Comment: Mission accomplished (Score 5, Insightful) 98

by photonic (#46961489) Attached to: SpaceX Injunction Dissolved
I don't think Elon expected to win that easy, but look how much publicity he got for filing a simple claim and getting a temporary injunction. He got to say a few times how they are 4x cheaper than the old guys, that might be remembered by some press and politicians the next time there is a big contract up for grabs.

Comment: Similar incident in Italy (Score 1) 211

by photonic (#46951919) Attached to: Feds Issue Emergency Order On Crude Oil Trains
There was a similar incident in Viareggio 5 years ago: a train carrying LPG derailed and crashed into a platform in the center of town during the night. The resulting explosion killed 32 people and destroyed a whole block of houses. In this case it was LPG, not crude oil, so I guess a tiny leak would have been enough to cause problems. You would have to make the tanks extremely strong to prevent that. And there is even other dangerous goods, there were some nasty accidents with trains carrying chlorine, which doesn't need fire to kill people.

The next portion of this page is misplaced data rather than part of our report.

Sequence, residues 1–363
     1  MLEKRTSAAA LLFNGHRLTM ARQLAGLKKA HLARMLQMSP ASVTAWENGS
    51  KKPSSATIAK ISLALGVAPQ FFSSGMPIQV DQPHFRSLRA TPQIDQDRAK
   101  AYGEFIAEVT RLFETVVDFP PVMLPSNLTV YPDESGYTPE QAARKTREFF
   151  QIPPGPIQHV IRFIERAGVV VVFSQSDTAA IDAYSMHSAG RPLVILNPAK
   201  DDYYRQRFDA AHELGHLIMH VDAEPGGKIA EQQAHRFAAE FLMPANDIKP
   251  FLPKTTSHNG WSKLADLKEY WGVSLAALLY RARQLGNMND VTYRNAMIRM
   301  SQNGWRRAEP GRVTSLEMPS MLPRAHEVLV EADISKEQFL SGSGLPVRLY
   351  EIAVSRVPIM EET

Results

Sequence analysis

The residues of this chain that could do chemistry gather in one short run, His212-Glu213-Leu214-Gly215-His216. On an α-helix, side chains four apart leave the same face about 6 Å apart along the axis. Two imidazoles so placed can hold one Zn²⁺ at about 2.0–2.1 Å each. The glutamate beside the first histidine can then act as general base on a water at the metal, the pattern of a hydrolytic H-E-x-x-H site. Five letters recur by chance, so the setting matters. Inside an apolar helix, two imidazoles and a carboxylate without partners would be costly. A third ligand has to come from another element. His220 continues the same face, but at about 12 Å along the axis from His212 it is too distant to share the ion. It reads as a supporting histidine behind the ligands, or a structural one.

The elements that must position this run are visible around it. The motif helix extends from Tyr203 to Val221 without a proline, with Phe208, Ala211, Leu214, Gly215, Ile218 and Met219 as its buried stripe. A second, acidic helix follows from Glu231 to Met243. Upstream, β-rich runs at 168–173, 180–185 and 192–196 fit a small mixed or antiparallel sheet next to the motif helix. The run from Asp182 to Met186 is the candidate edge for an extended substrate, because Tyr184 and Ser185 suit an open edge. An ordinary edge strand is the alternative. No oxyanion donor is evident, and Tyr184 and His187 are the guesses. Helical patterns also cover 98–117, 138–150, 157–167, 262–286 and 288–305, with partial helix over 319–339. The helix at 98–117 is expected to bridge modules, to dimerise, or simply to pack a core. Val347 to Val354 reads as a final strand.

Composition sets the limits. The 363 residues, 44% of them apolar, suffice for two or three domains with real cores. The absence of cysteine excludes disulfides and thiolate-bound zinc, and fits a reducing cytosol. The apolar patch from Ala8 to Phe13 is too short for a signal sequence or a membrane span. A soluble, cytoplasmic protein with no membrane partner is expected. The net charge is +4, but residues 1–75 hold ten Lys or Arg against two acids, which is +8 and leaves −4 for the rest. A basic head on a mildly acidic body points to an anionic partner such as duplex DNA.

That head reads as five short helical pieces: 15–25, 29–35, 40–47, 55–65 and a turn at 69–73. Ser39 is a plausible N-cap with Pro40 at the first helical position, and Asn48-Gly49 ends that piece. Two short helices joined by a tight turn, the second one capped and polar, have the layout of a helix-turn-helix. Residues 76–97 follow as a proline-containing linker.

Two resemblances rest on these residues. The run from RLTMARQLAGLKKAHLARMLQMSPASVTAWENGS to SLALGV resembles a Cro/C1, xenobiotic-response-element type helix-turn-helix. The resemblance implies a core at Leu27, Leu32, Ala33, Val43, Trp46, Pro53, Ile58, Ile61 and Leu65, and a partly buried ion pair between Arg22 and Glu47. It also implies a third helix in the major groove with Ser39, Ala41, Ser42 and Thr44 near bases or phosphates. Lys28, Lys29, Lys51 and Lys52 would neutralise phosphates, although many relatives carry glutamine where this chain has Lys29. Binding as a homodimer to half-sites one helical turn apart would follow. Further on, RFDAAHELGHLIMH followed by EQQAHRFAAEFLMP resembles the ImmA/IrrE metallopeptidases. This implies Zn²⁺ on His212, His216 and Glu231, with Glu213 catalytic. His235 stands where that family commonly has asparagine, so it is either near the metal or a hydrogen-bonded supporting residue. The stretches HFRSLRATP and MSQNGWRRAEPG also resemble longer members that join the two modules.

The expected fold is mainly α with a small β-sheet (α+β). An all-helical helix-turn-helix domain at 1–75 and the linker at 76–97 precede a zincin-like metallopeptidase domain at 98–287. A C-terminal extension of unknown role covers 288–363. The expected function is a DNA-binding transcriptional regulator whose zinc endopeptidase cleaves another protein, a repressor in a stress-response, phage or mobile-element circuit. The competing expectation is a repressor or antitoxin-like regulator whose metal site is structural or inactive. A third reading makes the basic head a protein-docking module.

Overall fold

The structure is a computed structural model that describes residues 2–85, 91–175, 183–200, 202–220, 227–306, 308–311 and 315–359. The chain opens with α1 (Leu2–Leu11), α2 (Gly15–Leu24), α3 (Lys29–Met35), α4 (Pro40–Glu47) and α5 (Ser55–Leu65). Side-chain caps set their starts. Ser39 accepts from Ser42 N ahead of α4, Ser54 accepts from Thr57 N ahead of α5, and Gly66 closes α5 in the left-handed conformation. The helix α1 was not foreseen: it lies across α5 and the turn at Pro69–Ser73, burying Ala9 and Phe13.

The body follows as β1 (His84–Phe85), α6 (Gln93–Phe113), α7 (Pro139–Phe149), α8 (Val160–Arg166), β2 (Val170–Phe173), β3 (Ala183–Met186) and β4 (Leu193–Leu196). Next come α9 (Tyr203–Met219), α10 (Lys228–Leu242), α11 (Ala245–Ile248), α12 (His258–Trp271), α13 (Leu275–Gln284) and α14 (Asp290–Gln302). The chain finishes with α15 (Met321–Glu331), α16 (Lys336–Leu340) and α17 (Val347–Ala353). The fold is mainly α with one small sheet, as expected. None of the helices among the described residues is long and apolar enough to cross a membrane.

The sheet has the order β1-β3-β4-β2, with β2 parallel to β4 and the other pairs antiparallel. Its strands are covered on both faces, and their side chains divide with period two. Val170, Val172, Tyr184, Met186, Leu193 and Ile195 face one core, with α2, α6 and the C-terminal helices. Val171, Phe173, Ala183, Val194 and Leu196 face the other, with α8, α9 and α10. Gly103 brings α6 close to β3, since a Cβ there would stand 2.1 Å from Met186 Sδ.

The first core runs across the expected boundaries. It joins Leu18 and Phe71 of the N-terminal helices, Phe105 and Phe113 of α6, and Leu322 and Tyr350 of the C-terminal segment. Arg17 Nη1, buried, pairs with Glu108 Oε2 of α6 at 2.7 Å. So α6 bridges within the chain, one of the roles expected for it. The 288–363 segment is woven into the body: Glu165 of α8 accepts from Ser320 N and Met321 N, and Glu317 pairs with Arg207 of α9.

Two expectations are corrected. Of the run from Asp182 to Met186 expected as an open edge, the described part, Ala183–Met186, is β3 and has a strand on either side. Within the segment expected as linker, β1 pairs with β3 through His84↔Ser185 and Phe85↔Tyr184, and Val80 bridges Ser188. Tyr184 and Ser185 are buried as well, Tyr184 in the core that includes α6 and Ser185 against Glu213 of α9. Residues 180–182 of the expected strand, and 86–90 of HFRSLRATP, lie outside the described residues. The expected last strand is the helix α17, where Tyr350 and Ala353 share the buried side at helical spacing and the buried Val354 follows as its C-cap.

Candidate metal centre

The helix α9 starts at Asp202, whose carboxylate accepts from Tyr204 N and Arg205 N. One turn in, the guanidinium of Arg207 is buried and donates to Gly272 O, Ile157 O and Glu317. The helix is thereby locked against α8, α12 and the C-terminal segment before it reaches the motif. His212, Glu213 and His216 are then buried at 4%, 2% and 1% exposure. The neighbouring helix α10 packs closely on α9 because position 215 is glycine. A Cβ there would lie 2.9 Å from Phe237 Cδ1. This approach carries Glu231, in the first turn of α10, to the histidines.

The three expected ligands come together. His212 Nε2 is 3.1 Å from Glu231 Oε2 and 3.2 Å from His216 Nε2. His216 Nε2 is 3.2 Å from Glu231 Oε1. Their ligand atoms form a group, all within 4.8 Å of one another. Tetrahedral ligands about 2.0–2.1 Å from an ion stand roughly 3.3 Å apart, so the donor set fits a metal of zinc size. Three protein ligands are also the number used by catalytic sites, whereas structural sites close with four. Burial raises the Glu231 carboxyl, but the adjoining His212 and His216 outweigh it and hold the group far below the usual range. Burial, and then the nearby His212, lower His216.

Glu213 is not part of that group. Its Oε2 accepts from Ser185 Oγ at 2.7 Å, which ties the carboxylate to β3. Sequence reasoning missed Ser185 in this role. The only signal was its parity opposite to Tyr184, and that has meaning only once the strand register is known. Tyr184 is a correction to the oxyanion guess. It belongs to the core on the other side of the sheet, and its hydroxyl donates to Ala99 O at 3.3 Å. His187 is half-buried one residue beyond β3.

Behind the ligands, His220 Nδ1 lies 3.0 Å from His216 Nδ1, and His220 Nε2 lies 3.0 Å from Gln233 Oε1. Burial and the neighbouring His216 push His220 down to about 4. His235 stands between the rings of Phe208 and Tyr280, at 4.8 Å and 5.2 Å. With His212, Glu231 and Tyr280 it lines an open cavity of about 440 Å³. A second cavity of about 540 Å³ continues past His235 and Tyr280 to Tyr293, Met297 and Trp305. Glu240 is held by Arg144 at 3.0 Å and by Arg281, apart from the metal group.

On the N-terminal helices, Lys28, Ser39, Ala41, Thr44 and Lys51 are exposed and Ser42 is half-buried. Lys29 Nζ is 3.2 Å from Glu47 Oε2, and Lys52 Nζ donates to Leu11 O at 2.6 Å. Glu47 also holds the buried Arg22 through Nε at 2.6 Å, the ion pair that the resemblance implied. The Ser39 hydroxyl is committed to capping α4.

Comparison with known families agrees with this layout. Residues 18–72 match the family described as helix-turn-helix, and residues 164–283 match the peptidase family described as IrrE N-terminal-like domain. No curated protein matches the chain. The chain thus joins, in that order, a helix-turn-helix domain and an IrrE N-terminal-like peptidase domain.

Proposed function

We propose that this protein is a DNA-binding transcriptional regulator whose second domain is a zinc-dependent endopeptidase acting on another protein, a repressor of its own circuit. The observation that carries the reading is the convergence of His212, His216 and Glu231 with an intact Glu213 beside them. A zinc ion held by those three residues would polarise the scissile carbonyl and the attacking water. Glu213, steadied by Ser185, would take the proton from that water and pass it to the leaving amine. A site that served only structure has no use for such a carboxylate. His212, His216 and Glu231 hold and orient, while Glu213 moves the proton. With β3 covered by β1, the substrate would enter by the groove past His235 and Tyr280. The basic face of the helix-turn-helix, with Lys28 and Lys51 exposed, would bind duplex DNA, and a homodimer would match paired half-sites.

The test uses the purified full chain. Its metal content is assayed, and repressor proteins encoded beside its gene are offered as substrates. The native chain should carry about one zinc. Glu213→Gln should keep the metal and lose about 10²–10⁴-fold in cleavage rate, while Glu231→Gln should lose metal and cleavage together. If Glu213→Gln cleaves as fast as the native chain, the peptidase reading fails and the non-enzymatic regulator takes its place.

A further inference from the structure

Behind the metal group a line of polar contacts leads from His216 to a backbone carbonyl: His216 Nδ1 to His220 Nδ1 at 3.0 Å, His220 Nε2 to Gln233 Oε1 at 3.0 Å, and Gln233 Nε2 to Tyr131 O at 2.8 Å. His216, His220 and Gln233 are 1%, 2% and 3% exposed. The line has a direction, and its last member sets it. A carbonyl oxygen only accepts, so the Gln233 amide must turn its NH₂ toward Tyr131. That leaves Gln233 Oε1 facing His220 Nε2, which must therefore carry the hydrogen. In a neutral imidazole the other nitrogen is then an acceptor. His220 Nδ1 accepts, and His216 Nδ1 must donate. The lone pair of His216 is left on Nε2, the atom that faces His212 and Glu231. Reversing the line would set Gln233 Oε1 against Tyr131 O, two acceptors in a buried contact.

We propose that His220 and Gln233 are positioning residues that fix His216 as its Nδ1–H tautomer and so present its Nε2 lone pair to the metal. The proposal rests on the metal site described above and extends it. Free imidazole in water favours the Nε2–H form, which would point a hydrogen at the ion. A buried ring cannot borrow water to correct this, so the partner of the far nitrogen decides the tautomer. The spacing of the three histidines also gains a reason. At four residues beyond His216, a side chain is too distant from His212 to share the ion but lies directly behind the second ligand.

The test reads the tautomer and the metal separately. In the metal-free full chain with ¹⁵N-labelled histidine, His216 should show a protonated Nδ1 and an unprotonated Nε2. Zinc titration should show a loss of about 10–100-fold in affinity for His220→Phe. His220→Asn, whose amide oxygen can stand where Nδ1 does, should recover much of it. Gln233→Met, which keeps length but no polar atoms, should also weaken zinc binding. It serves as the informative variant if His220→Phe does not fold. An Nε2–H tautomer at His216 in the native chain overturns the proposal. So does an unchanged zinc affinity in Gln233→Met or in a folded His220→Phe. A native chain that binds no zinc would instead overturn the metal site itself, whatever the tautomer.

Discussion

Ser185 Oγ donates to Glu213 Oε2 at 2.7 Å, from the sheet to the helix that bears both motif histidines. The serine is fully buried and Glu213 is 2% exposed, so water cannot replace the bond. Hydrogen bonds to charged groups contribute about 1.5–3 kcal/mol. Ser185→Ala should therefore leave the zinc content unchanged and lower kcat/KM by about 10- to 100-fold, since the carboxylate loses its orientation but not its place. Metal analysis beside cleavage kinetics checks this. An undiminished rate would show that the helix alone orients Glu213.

Comment: tin foil hat (Score 4, Funny) 245

by photonic (#46876531) Attached to: Ask Slashdot: How To Back Up Physical Data?

Since having this nightmare, I've exported my phone's VCF file to an online repo, made online notes of all my bank account numbers and passport ID, I keep ICE numbers with me at all times (separate from phone/wallet), and I've hidden a spare mobile phone and house key in a box in a nearby field. But there must be more to do!